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The Playwrights Forum > The Art & Craft of Writing > Critique my Play > Prologue - Paradise Lost adaptation

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Prologue - Paradise Lost adaptation  Rate Topic 
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 Posted: Wed May 30th, 2012 03:06 am
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QuixotesGhost
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Mana: 
I was posting questions about this in the "Question & Answer" forum, so I figured I might as well just post the prologue here for critique.

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Paradise Lost

By John Milton
Adapted by Jeff Keele


Prologue


We begin with a blind WIDOWER speaking to the darkness.



WIDOWER:


Methought I saw my late espoused saint
Brought to me like Alcestis, from the grave,

Enter his deceased WIFE, opposite the widower, her face obscured with a white veil. As he speaks the following lines he slowly approaches her.


Whom Jove's great son to her glad husband gave,

Rescued from death by force, though pale and faint.
Mine, as whom washed from spot of child-bed taint
Purification in the old Law did save,
And such, as yet once more I trust to have
Full sight of her in Heaven without restraint,
Came vested all in white, pure as her mind:
Her face was veiled; yet to my fancied sight
Love, sweetness, goodness, in her person shined
So clear, as in no face with more delight.

The Widower brushes her face.


But O, as to embrace me she inclined,

I waked; she fled;

She vanishes.
    

And day brought back my night.


Pause
.

Sing, O heavenly Muse and justify the ways of God to men.



Enter a SPIRIT.



SPIRIT:


Of Man's first disobedience, I sing, and the fruit of that forbidden tree whose mortal taste brought death into the world.



WIDOWER:


And all our woe. O Spirit - Instruct me. Revive me. Illume in me what is dark. Raise and support what is low. For I know, above all temples, you prefer the pure and upright heart.



SPIRIT:


I tell of things invisible to mortal sight. I was present from the first. 


WIDOWER:


Say first then – Say first, what cause moved our grand parents, favored of heaven so highly, to fall off from their Creator and transgress his will? To taste that fruit, expelling us all into a world of sorrow?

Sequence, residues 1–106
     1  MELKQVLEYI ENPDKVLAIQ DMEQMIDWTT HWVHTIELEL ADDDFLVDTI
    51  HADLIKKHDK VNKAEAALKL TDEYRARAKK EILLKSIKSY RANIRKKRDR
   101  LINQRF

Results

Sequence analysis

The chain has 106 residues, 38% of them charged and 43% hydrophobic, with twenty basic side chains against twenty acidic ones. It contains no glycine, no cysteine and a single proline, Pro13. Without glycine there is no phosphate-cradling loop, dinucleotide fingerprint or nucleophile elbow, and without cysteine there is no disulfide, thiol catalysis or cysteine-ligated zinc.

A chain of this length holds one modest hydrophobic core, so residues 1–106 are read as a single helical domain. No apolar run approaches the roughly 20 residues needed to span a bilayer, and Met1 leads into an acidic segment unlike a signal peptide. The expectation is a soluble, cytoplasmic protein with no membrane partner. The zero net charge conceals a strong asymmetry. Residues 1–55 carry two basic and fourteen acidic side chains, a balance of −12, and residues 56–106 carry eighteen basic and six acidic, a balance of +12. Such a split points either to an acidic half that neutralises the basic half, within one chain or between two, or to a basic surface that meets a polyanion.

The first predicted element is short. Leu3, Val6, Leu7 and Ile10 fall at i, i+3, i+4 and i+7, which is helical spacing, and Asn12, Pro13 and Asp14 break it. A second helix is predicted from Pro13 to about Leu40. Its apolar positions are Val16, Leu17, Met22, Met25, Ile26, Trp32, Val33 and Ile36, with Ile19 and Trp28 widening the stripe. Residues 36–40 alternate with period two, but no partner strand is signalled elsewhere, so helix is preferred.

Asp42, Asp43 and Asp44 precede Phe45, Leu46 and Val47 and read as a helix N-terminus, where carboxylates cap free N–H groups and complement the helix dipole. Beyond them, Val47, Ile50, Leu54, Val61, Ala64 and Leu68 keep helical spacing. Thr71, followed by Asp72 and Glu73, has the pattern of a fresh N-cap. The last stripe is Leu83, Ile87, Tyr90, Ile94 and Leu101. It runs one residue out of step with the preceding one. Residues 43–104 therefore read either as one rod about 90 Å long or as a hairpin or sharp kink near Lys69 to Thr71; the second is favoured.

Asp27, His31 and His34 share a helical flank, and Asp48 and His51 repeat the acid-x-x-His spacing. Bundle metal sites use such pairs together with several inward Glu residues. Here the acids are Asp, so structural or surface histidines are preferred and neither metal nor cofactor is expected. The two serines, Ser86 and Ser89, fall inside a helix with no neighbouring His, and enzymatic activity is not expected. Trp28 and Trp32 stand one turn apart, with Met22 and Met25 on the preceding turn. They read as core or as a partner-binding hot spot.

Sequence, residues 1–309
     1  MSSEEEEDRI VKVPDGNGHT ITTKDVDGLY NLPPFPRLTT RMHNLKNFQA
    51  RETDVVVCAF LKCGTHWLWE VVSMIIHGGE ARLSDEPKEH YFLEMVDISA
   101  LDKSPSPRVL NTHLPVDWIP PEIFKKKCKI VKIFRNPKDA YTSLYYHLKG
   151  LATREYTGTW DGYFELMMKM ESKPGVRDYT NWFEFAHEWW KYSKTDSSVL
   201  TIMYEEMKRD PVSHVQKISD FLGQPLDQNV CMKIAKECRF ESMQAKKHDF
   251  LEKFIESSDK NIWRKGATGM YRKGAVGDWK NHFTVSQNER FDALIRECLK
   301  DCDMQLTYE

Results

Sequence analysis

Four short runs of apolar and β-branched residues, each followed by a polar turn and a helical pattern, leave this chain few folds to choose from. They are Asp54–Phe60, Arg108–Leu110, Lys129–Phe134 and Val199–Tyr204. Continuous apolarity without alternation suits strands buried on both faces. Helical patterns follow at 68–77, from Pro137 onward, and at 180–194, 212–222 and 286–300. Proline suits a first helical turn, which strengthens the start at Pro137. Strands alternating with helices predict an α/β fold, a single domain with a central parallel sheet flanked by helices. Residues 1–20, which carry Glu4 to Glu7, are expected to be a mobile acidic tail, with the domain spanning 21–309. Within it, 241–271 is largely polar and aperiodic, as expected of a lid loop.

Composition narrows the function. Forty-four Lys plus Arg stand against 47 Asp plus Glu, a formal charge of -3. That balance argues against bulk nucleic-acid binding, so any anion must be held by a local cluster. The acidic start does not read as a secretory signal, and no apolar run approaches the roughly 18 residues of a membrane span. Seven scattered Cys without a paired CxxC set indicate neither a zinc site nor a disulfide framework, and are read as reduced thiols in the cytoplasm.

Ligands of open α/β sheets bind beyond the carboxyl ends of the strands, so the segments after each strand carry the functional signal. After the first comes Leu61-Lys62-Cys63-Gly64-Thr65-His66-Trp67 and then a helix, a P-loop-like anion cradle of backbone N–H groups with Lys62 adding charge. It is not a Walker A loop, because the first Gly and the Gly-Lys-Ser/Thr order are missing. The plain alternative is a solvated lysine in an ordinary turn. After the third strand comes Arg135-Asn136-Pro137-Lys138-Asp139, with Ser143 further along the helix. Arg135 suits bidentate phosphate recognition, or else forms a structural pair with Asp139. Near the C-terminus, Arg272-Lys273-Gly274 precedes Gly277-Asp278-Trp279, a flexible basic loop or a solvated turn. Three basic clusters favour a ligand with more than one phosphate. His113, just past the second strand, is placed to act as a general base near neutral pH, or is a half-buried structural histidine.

SPIRIT:


In the beginning, when the world was still unmade,  the Infinite Father called before his throne his saints innumerable. All in assembly -  ten thousand thousand standards blazed, recording holy acts of zeal and love - 


WIDOWER:


No, Spirit. Heaven hides nothing from your view. Tell me of Hell.


Lights crash to black.



SPIRIT:


The Infernal Serpent.  It was he who deceived the mother of mankind. Nine days he fell. For raising impious war against the throne of God was hurled headlong, flaming, from the ethereal sky. Now in bottomless perdition; where peace can never dwell, hope never comes. Round he throws his baleful eyes, views the dismal situation waste and wild. A horrible dungeon, as if a great furnace flamed on all sides round, yet from those flames; no light, but rather darkness visible. Rowling in the fiery gulf, he discerns one, weltering next to himself, and breaking the horrid silence, begins


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I have a lot more, but I figured I'd just post this for the time being. Quick question: I'm looking for some very brief physical business at the beginning to establish that the WIDOWER is blind. Can you think of anything?

Here's a youtube video of a reading of the prologue to Paradise Lost to give you an idea of what I'm attempting to render into a script.


Also, the bit that opens the script is not from Paradise Lost proper, but from another poem by Milton: Sonnet 23.

Some other questions:
Do you feel the transition flows fluidly from the widower's mourning to the conversation with the spirit?
Is the script moving too quickly between ideas?
Is the language hard to understand?
Is it strange that this Widower's bedroom seems to be an inter-dimensional truck-stop for wandering spirits?

Also, I'm aware that I'm changing the context, and thus the meaning of one the poems most famous lines: "justify the ways of God to Men".















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